A Brief Description of EMDR
Eve Movement Desensitization and Reprocessing
(EMDR)1 integrates elements of many effective psychotherapies in
structured protocols that are designed to maximize treatment effects. These
include psychodynamic, cognitive behavioral, interpersonal, experiential, and
body-centered therapies2. EMDR is an information processing therapy
and uses en eight-phase approach.
During EMDR1 the client attends to
past and present experiences in brief'-sequential doses while simultaneously
focusing on an external stimulus. Then the client is instructed to let new
material become the focus at the next set of dual attention. This sequence of
dual attention and personal association is repeated many times in the session.
Eight Phases of Treatment
The first phase is a history taking session
during which the therapist assesses the clients readiness for EMDR and develops
a treatment plan. Client and therapist identify possible targets for EMDR
processing. These include recent distressing events, current situations that
elicit emotional disturbance, related historical incidents, and the development
of specific skills and behaviors that will be needed by the client In future
During the second phase of treatment, the
therapist ensures that the client has adequate methods of handling emotional
distress and good coping skills, and that the client is in a relatively stable
state. If further stabilization is required, or if additional skills are
needed, therapy focuses on providing these. The client is then able to use
stress reducing techniques whenever necessary, during or between sessions.
However, one goal is not to need these techniques once therapy is complete.
In phase three through six, a target is
identified and processed using EMDR procedures. These involve the client
identifying the most vivid visual image related to the memory (if available), a
negative belief about self, related emotions and body sensations. The client
also identifies a preferred positive belief. The validity of the positive
belief is rated, as is the intensity of the negative emotions.
After this, the client is instructed to focus
on the image, negative thought, and body sensations while simultaneously moving
his/her eyes back and forth following the therapist's fingers as they move
across his/her field of vision for 20-30 seconds or more, depending upon the
need of the client. Although eye movements are the most commonly used external
stimulus, therapists often use auditory tones, tapping, or other types of
tactile stimulation. The kind of dual attention and the length of each set is
customized to the need of the client. The client is instructed to just notice
whatever happens. After this, the clinician instructs the client to let his/her
mind go blank and to notice whatever thought, feeling, image, memory, or
sensation comes to mind. Depending upon the client's report the clinician will
facilitate the next focus of attention. In most cases a client-directed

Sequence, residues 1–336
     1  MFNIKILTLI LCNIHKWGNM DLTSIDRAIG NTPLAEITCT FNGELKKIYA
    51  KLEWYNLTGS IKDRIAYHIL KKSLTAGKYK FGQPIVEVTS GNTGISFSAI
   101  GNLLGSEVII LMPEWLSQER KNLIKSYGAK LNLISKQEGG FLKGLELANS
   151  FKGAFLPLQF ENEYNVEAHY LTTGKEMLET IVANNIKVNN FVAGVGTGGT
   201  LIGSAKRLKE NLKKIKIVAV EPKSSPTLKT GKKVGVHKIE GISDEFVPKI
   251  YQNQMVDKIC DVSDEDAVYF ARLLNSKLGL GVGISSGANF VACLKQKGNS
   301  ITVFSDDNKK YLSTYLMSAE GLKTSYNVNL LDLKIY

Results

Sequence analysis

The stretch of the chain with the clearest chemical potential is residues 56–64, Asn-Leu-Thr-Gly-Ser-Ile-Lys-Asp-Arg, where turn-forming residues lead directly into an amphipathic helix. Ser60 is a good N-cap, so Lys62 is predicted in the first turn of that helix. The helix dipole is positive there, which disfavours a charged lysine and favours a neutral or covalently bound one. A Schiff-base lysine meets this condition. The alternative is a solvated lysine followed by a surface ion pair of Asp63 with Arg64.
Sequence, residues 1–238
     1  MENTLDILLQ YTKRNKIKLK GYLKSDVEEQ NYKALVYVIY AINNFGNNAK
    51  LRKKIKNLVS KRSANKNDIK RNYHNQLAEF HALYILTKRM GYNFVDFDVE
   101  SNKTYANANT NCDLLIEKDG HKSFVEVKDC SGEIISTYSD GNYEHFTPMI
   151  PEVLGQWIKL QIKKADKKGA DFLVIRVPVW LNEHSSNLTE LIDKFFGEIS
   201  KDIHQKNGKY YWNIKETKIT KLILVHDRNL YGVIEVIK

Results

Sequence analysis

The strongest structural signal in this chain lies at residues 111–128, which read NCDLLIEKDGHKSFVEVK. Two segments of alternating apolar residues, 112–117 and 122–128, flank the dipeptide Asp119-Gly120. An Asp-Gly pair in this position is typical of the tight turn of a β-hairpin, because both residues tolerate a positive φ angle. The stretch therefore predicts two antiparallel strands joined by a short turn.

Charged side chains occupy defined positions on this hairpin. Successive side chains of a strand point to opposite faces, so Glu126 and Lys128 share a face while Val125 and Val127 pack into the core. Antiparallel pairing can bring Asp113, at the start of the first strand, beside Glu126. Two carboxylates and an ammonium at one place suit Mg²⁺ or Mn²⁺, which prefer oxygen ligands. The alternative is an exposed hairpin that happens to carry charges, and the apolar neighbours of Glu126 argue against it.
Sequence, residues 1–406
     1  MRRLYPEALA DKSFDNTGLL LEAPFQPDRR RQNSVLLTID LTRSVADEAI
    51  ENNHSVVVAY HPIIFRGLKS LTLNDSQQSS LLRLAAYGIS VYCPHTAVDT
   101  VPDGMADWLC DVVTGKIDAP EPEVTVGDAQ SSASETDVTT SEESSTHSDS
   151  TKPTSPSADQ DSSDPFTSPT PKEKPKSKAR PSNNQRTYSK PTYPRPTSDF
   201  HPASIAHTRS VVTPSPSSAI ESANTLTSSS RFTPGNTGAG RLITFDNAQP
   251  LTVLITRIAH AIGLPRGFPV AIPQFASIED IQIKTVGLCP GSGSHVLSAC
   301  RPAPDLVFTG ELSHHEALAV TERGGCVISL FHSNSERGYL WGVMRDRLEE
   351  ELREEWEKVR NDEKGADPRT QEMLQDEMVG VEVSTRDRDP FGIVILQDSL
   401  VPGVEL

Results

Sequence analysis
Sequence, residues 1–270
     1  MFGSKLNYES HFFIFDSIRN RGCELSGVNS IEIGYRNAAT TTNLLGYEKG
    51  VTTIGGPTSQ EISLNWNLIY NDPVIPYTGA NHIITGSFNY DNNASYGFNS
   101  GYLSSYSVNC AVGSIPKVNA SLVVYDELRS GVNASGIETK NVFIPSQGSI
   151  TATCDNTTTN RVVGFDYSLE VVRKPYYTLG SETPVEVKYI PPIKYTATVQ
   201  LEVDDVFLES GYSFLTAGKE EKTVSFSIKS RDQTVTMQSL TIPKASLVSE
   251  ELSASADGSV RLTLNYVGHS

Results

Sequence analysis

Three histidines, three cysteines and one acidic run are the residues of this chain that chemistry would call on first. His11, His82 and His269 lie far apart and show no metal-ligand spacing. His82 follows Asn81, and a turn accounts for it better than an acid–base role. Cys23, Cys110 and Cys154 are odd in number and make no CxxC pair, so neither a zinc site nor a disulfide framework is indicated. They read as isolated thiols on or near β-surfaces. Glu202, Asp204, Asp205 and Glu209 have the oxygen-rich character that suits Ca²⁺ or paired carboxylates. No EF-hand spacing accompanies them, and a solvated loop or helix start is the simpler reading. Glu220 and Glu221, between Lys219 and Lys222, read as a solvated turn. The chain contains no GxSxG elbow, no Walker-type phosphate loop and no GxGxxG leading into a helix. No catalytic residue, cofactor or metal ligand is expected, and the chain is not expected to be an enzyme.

association process is encouraged. This is repeated numerous times throughout
the session. If the client becomes distressed or has difficulty with the
process, the therapist follows established procedures to help the client resume
processing. When the client reports no distress related to the targeted memory,
the clinician asks him/her to think of the preferred positive belief that was
identified at the beginning of the session, or a better one if it has emerged,
and to focus on the incident, while simultaneously engaging in the eye
movements. After several sets, clients generally report increased confidence in
this positive belief. The therapist checks with the client regarding body
sensations. If there are negative sensations, these are processed as above. If
there are positive sensations, they are further enhanced.
In phase seven, closure, the therapist asks
the client to keep a journal during the week to document any related material
that may arise and reminds the client of the self-calming activities that were
mastered in phase two.
The next session begins with phase eight,
re-evaluation of the previous work, and of progress since the previous session.
EMDR treatment ensures processing of all related historical events, current
incidents that elicit distress, and future scenarios that will require
different responses. The overall goal is to produce the most comprehensive and
profound treatment effects in the shortest period of time, while simultaneously
maintaining a stable client within a balanced system.
After EMDR processing, clients generally
report that the emotional distress related to the memory has been eliminated,
or greatly decreased, and that they have gained important cognitive insights.
Importantly, these emotional and cognitive changes usually result in
spontaneous behavioral and personal change, which are further enhanced with
standard EMDR procedures.
1. Shapiro, F, (2001), Eye
Movement Desensitization and Reprocessing: Basic Principles, Protocols and
Procedures (2nd ed.), New York: Guilford Press.
2. Shapiro, F.
(2002), EMDR as an Integrative Psychotherapy Approach: Experts of Diverse
Orientations Explore the Paradigm Prism. Washington, DC: American
Psychological Association Books..
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